Cell death and differentiation

Combined loss of the BH3-only proteins Bim and Bmf restores B-cell development and function in TACI-Ig transgenic mice.

PMID 25698446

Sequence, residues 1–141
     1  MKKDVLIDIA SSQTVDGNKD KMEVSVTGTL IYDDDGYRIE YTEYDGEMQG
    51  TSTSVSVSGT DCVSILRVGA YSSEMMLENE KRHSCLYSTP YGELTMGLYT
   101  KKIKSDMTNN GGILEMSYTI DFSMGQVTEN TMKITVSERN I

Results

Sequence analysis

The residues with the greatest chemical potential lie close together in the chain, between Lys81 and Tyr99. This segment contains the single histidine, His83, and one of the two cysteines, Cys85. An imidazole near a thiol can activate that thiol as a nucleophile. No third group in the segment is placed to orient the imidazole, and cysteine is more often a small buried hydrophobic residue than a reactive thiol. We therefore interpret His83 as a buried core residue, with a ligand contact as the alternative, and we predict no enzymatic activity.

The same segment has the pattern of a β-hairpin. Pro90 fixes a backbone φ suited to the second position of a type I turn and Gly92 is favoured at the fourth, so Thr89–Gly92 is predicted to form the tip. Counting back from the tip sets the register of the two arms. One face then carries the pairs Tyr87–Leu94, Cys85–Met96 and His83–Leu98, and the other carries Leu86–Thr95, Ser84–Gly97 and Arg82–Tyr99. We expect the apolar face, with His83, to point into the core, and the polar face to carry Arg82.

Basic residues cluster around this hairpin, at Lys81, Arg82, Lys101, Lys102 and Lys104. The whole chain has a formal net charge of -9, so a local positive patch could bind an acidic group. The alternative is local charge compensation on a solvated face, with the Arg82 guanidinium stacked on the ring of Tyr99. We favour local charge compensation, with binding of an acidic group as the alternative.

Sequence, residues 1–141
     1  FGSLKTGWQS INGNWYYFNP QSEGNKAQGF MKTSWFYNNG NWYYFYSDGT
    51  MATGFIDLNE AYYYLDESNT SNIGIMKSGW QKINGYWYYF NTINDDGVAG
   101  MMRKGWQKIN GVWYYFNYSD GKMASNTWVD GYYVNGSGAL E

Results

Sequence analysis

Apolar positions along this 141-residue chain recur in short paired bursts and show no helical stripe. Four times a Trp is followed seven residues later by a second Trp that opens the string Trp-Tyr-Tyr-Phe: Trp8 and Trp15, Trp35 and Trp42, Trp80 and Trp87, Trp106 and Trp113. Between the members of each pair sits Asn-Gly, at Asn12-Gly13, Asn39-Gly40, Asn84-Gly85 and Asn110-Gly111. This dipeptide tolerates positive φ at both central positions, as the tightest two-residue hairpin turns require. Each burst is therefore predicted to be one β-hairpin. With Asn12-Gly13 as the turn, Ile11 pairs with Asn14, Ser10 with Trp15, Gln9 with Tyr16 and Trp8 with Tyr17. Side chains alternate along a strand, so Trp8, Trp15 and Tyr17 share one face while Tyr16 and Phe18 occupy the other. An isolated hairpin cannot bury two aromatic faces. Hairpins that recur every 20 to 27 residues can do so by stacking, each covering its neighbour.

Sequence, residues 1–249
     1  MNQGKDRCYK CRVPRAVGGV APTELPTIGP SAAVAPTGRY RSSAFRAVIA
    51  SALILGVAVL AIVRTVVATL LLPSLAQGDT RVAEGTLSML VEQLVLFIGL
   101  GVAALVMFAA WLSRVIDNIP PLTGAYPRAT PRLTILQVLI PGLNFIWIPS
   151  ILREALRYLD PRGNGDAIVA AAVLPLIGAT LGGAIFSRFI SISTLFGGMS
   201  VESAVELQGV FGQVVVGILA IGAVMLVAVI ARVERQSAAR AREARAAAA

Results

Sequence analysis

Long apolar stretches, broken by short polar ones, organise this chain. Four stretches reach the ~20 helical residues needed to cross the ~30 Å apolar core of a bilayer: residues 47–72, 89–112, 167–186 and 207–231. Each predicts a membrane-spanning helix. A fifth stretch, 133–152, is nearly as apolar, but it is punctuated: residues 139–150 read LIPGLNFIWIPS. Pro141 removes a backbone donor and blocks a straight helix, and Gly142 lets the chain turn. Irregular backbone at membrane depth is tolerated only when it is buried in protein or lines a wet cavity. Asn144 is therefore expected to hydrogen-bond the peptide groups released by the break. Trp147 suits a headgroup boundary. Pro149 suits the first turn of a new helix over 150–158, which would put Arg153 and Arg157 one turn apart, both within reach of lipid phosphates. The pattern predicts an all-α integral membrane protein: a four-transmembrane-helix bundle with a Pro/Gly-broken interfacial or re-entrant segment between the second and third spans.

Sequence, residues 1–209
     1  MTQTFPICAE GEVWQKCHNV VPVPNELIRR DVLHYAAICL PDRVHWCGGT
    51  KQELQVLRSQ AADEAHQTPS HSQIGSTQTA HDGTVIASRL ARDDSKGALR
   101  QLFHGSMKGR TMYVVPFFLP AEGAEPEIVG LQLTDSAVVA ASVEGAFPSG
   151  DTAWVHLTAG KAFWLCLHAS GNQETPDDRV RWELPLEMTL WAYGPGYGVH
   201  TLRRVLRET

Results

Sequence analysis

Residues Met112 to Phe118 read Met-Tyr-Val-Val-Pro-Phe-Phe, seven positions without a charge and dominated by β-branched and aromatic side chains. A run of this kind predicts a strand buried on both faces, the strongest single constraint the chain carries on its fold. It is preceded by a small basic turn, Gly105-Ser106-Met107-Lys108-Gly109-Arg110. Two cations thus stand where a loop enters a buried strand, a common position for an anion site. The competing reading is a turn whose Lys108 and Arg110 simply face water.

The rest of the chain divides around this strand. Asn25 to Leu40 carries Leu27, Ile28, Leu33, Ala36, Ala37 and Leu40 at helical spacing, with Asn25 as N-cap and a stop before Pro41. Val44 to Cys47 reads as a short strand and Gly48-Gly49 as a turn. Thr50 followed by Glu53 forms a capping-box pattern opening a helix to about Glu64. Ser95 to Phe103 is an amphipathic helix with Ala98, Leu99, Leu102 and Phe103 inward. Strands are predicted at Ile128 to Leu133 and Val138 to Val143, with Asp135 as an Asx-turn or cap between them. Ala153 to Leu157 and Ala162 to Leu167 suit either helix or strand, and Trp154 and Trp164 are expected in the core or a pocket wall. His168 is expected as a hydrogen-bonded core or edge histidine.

Terminal differentiation of B cells depends on two interconnected survival pathways, elicited by the B-cell receptor (BCR) and the BAFF receptor (BAFF-R), respectively. Loss of either signaling pathway arrests B-cell development. Although BCR-dependent survival depends mainly on the activation of the v-AKT murine thymoma viral oncogene homolog 1 (AKT)/PI3-kinase network, BAFF/BAFF-R-mediated survival engages non-canonical NF-κB signaling as well as MAPK/extracellular-signal regulated kinase and AKT/PI3-kinase modules to allow proper B-cell development. Plasma cell survival, however, is independent of BAFF-R and regulated by APRIL that signals NF-κB activation via alternative receptors, that is, transmembrane activator and CAML interactor (TACI) or B-cell maturation (BCMA). All these complex signaling events are believed to secure survival by increased expression of anti-apoptotic B-cell lymphoma 2 (Bcl2) family proteins in developing and mature B cells. Curiously, how lack of BAFF- or APRIL-mediated signaling triggers B-cell apoptosis remains largely unexplored. Here, we show that two pro-apoptotic members of the 'Bcl2 homology domain 3-only' subgroup of the Bcl2 family, Bcl2 interacting mediator of cell death (Bim) and Bcl2 modifying factor (Bmf), mediate apoptosis in the context of TACI-Ig overexpression that effectively neutralizes BAFF as well as APRIL. Surprisingly, although Bcl2 overexpression triggers B-cell hyperplasia exceeding the one observed in Bim(-/-)Bmf(-/-) mice, Bcl2 transgenic B cells remain susceptible to the effects of TACI-Ig expression in vivo, leading to ameliorated pathology in Vav-Bcl2 transgenic mice. Together, our findings shed new light on the molecular machinery restricting B-cell survival during development, normal homeostasis and under pathological conditions. Our data further suggest that Bcl2 antagonists might improve the potency of BAFF/APRIL-depletion strategies in B-cell-driven pathologies.